Portfolio Management is the selection and control of all of the projects within an organisation. I’ve recently talked about projectification, and how a Project Management Office (PMO) can help coordinate the benefits of those many projects. I’ve also clearly defined Projects, Programmes, and Portfolios to set those in context of the work that the PMO performs.
Portfolio Management has a wider definition than I have used in previous blogs. Project Portfolio Management is often referred to as PPM.
What is PPM?
The Association for Project Management (APM) defines Portfolio Management as:
A collection of projects and/or programmes used to structure and manage investments at an organisational or functional level to optimise strategic benefits or operational efficiency. (APM Body of Knowledge version 7, May 2019).
The Association for Project Management (APM) have a collection of information and a publication regarding Portfolio Management.
PPM is about evaluating, selecting, prioritising, and resourcing projects to achieve the organisations vision, mission, and values.
How does PPM Help a Business
A collection of projects and programmes (a portfolio) that is well managed will realise many benefits for an organisation:
- A focal point for the organisation strategy
- Prioritisation of projects to meet the organisations aims
- Alignment of all of the senior management team to champion the projects within the business
- Consistency and fairness of governance across all projects within the portfolio
- Identification of performance problems
- (Limited) Resources distributed as priorities require
- Better decisions made to limit risks, maximise resources, leading to repeatable success
Having a clear and common portfolio management strategy will help empower the staff to deliver projects:
- A clear strategy and fair governance builds trust within project teams
- There will be one message regarding the overall strategy for the organisation
- Clarity and transparency of messages regarding projects and programmes within the organisation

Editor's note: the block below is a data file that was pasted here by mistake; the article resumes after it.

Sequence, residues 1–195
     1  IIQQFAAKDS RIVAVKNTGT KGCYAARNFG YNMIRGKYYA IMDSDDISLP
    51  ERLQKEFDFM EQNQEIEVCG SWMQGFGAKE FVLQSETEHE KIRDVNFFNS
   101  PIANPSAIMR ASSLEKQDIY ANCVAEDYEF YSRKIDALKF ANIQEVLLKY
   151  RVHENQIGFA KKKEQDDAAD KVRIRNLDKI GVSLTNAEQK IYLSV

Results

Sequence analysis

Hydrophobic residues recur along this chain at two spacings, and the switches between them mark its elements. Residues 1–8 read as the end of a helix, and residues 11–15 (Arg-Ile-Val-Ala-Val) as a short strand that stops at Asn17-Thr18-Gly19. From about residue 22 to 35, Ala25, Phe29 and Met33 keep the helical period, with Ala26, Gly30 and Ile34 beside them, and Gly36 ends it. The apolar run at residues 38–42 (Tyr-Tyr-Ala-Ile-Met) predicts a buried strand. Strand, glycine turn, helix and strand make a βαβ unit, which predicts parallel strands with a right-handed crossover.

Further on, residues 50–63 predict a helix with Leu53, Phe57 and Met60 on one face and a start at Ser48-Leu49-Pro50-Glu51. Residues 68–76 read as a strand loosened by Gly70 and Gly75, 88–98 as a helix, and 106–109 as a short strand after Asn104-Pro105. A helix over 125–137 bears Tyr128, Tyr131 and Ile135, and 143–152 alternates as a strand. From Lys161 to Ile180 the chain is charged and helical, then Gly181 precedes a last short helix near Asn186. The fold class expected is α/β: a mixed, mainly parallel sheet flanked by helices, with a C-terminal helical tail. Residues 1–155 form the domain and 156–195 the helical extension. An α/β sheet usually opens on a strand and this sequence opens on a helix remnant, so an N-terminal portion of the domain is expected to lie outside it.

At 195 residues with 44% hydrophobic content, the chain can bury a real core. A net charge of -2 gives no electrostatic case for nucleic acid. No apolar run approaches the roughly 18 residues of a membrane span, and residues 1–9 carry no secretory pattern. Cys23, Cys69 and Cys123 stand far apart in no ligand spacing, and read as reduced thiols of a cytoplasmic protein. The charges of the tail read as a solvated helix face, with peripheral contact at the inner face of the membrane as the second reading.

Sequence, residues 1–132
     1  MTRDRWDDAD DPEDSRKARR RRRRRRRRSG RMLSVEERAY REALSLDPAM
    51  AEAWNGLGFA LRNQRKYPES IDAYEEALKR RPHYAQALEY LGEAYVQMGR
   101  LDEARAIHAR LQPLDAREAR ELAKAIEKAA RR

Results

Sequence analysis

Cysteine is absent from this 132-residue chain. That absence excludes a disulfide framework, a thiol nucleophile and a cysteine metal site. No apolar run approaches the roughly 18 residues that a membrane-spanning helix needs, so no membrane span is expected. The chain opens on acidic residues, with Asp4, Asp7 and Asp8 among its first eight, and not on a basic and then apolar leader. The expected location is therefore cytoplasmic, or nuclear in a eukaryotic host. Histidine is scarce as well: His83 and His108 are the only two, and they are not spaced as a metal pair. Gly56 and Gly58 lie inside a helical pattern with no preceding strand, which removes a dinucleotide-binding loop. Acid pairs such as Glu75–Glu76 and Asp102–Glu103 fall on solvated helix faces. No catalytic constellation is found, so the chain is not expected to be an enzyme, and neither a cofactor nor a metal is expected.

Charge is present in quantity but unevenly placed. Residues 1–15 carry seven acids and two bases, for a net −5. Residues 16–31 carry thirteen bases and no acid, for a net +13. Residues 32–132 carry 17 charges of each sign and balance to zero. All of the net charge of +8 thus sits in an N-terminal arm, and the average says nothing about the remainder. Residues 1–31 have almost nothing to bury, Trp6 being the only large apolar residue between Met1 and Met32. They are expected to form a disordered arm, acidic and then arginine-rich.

- Clear communication on (changing) business priorities
- Increased motivation due to an understanding of priorities
Communication and trust are key parts of teamwork.
When do you Need PPM?
It might be clear that an organisation needs to move to portfolio management when:
- Projects are not fully aligned to the business strategy
- Projects and Programmes are delivering overlapping benefits (which is a duplication of effort)
- Ineffective communication on priorities to project team members
- Lack of trust between workers and management regarding project work
- Management are slow to react to external disruption and slower to change or re-prioritise internal projects
- Too many ‘Pet’ or ‘Under-the-Table’ Projects are stealing resources
Don’t wait for a crisis inside your organisation. Set up PPM before the problems put you out of business!
What makes for a Good Project Portfolio?
One approach to PPM helps ensure that an organisation has a diversity of projects:
- Growth and Enhancement Projects: To develop new products, services, and systems
- Transformation Projects: Projects that may be high risk, but are also high return. These type of projects allow an organisation to diversify and break new ground. These projects could be experimental in nature
- Maintenance Projects: Perhaps low payback, but essential for continued operations. These will be low risk projects
Each organisation will have its own appetite for risk with the portfolio. One suggestion is to use the above categories with a 60%, 10%, 30% allocation.
Today’s project is tomorrows ‘Business-As-Usual’. To ensure a smooth running of the organisation tomorrow, there needs to be a firm grip on the projects and programmes withing the organisation today. The portfolio of projects needs clear and fair governance.
PPM ensures that risks are spread across the projects within the organisation.